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Appellate court decision delays new pollution regulations for taconite plants

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A federal appeals court has put a hold on regulations aimed at reducing haze over national parks and wilderness areas from taconite plants in Minnesota and Michigan.

According to the Duluth News Tribune, the Eighth District U.S. Court of Appeals has issued a stay that was sought by Cliffs Natural Resources, which operates three taconite plants in Minnesota and another operation in Michigan, and by ArecelorMittal, which runs the Minorca taconite operation in Minnesota.

The stay temporarily delays new federal regulations, the Tribune reports.

The court action puts on hold a decision in January by the U.S. Environmental Protection Agency to demand new pollution-control devices for taconite plants aimed at reducing pollution from taconite plants that causes haze over northern parks and wild areas.

The rules would apply to all taconite plants in Minnesota and upper Michigan and require some to install expensive new equipment to reduce nitrogen oxide emissions, according to the Star Tribune.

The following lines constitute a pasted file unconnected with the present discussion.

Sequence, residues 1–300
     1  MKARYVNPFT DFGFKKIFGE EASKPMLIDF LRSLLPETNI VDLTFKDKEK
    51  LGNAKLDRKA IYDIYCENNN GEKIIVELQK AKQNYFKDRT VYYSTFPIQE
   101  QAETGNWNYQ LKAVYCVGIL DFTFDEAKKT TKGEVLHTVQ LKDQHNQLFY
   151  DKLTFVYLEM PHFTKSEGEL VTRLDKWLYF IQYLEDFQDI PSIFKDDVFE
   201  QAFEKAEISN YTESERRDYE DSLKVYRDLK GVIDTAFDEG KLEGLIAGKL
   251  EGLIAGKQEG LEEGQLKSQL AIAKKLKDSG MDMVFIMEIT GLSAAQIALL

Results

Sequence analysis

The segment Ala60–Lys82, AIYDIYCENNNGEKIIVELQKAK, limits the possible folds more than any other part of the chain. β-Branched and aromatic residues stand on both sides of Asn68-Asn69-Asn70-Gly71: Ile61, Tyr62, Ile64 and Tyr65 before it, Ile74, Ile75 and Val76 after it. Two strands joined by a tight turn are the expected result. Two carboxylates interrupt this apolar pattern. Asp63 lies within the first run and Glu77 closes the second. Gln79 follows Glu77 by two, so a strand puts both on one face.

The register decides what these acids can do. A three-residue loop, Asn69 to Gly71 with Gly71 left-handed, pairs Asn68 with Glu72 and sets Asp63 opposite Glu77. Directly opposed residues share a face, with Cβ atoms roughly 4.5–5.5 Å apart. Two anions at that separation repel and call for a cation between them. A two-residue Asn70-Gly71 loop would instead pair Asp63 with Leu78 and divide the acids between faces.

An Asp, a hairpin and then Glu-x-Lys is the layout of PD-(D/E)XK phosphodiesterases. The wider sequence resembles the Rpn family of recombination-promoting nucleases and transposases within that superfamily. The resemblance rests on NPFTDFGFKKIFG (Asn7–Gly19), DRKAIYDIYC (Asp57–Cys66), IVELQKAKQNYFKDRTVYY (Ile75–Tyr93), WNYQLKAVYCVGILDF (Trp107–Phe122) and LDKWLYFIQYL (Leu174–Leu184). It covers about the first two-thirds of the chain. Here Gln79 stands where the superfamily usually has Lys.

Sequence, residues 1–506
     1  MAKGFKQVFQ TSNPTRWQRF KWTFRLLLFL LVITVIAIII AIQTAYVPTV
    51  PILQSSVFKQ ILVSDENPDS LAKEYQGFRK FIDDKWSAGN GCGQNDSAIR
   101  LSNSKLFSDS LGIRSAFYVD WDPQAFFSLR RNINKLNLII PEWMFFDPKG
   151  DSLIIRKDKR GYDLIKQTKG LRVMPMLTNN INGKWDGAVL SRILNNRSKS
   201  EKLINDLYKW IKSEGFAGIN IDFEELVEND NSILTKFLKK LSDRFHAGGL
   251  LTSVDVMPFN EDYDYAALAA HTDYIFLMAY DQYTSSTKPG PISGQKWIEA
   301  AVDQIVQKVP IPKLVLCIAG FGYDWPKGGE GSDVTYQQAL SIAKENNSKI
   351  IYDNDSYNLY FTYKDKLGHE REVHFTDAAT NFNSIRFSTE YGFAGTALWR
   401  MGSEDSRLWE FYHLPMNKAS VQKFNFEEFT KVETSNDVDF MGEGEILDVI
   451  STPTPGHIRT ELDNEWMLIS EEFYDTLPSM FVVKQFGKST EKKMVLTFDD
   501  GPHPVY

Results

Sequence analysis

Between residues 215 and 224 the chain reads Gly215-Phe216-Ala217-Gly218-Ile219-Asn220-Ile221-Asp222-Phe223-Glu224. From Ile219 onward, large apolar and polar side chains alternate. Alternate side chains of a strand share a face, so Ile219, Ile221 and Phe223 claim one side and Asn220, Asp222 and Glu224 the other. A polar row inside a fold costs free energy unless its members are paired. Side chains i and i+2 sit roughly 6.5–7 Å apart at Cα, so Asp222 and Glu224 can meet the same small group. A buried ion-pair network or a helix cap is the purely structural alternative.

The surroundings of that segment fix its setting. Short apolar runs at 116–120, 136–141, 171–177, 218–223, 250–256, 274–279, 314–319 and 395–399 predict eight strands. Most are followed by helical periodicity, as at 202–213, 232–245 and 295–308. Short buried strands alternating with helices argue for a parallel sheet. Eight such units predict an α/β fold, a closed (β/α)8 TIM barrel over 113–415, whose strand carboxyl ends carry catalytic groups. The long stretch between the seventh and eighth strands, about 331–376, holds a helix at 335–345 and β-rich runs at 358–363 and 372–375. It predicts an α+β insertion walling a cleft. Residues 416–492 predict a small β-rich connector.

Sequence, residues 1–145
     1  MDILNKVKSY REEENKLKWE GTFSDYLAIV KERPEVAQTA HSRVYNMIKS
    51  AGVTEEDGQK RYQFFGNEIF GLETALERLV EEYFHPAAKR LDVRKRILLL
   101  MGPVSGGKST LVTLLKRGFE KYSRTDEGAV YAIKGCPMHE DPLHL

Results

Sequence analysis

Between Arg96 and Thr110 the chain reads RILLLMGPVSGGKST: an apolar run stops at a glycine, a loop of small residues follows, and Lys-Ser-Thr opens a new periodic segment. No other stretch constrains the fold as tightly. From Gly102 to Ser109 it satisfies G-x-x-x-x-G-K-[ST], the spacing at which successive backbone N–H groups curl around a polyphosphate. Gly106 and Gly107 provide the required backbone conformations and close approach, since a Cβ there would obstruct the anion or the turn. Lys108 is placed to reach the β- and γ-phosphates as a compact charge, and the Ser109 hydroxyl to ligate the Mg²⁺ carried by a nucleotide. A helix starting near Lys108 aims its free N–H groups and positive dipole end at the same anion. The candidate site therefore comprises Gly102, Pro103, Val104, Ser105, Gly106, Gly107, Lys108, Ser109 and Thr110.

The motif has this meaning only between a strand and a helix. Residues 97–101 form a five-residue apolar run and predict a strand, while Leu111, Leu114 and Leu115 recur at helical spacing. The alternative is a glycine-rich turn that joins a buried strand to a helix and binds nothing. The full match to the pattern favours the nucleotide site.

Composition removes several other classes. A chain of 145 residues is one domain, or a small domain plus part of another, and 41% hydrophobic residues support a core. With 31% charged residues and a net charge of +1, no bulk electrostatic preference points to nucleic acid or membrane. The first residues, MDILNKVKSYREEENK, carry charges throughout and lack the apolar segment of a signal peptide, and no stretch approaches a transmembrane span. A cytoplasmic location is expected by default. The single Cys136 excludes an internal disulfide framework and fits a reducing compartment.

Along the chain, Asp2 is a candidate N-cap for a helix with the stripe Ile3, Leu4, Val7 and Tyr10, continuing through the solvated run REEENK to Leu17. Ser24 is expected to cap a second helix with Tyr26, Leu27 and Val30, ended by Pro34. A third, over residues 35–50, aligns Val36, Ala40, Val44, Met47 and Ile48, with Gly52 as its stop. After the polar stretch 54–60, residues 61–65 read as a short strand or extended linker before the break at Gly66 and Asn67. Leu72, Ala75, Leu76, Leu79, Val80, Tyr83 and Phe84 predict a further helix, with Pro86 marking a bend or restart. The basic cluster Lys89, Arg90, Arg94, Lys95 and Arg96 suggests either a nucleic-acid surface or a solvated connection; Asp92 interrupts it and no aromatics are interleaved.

The court action puts on hold a decision in January by the U.S. Environmental Protection Agency to demand new pollution-control devices for taconite plants aimed at reducing pollution from taconite plants that causes haze over northern parks and wild areas.

The new regulations would force some taconite operations to add expensive, new pollution-control equipment to curb nitrogen oxides, and sulfur dioxides, according to the Duluth paper.

Environmental and public-health groups, and now the EPA, say pollution not only causes haze over pristine areas like the Boundary Waters Canoe Area Wilderness, but also can cause lung ailments in people.

The order was signed Friday; it’s not clear when the case might be argued in court.

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